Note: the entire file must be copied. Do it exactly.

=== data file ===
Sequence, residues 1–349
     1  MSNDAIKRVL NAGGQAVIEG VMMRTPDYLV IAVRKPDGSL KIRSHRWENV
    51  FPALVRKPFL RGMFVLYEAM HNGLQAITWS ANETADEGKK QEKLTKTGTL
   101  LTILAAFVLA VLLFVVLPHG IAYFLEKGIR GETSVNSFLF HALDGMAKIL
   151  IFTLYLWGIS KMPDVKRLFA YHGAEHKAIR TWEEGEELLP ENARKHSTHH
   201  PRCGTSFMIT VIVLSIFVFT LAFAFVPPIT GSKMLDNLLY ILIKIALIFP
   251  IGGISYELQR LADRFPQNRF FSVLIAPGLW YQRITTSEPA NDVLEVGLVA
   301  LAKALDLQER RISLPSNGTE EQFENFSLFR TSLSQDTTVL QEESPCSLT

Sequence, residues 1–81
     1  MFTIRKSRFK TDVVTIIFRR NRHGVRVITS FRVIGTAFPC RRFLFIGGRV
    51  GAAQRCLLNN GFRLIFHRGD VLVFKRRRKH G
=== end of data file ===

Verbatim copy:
Sequence, residues 1–349
     1  MSNDAIKRVL NAGGQAVIEG VMMRTPDYLV IAVRKPDGSL KIRSHRWENV
    51  FPALVRKPFL RGMFVLYEAM HNGLQAITWS ANETADEGKK QEKLTKTGTL
   101  LTILAAFVLA VLLFVVLPHG IAYFLEKGIR GETSVNSFLF HALDGMAKIL
   151  IFTLYLWGIS KMPDVKRLFA YHGAEHKAIR TWEEGEELLP ENARKHSTHH
   201  PRCGTSFMIT VIVLSIFVFT LAFAFVPPIT GSKMLDNLLY ILIKIALIFP
   251  IGGISYELQR LADRFPQNRF FSVLIAPGLW YQRITTSEPA NDVLEVGLVA
   301  LAKALDLQER RISLPSNGTE EQFENFSLFR TSLSQDTTVL QEESPCSLT

Sequence, residues 1–81
     1  MFTIRKSRFK TDVVTIIFRR NRHGVRVITS FRVIGTAFPC RRFLFIGGRV
    51  GAAQRCLLNN GFRLIFHRGD VLVFKRRRKH G